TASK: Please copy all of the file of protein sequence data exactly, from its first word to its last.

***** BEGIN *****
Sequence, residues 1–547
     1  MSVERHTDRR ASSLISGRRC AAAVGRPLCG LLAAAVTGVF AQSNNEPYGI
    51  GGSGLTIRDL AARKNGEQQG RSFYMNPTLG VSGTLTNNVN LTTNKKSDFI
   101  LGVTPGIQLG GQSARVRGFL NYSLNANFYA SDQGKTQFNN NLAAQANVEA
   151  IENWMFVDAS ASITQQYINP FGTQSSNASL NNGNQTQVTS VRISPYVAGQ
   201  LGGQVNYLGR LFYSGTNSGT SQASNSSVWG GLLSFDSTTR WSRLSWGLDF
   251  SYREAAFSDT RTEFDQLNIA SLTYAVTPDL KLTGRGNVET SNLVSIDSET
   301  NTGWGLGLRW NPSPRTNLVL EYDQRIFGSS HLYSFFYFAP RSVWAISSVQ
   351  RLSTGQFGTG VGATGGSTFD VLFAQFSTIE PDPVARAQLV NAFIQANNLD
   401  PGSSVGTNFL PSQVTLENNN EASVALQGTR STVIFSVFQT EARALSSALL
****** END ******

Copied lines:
Sequence, residues 1–547
     1  MSVERHTDRR ASSLISGRRC AAAVGRPLCG LLAAAVTGVF AQSNNEPYGI
    51  GGSGLTIRDL AARKNGEQQG RSFYMNPTLG VSGTLTNNVN LTTNKKSDFI
   101  LGVTPGIQLG GQSARVRGFL NYSLNANFYA SDQGKTQFNN NLAAQANVEA
   151  IENWMFVDAS ASITQQYINP FGTQSSNASL NNGNQTQVTS VRISPYVAGQ
   201  LGGQVNYLGR LFYSGTNSGT SQASNSSVWG GLLSFDSTTR WSRLSWGLDF
   251  SYREAAFSDT RTEFDQLNIA SLTYAVTPDL KLTGRGNVET SNLVSIDSET
   301  NTGWGLGLRW NPSPRTNLVL EYDQRIFGSS HLYSFFYFAP RSVWAISSVQ
   351  RLSTGQFGTG VGATGGSTFD VLFAQFSTIE PDPVARAQLV NAFIQANNLD
   401  PGSSVGTNFL PSQVTLENNN EASVALQGTR STVIFSVFQT EARALSSALL